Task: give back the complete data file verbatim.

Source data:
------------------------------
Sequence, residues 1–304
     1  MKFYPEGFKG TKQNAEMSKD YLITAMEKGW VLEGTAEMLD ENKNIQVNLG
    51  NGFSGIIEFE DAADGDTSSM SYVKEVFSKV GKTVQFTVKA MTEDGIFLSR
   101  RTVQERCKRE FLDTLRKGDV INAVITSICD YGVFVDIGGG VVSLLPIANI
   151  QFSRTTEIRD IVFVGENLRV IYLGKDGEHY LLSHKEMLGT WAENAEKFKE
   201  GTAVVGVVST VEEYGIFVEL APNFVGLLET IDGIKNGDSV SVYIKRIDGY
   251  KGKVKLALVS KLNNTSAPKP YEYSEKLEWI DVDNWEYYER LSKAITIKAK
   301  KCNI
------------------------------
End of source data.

Sequence, residues 1–304
     1  MKFYPEGFKG TKQNAEMSKD YLITAMEKGW VLEGTAEMLD ENKNIQVNLG
    51  NGFSGIIEFE DAADGDTSSM SYVKEVFSKV GKTVQFTVKA MTEDGIFLSR
   101  RTVQERCKRE FLDTLRKGDV INAVITSICD YGVFVDIGGG VVSLLPIANI
   151  QFSRTTEIRD IVFVGENLRV IYLGKDGEHY LLSHKEMLGT WAENAEKFKE
   201  GTAVVGVVST VEEYGIFVEL APNFVGLLET IDGIKNGDSV SVYIKRIDGY
   251  KGKVKLALVS KLNNTSAPKP YEYSEKLEWI DVDNWEYYER LSKAITIKAK
   301  KCNI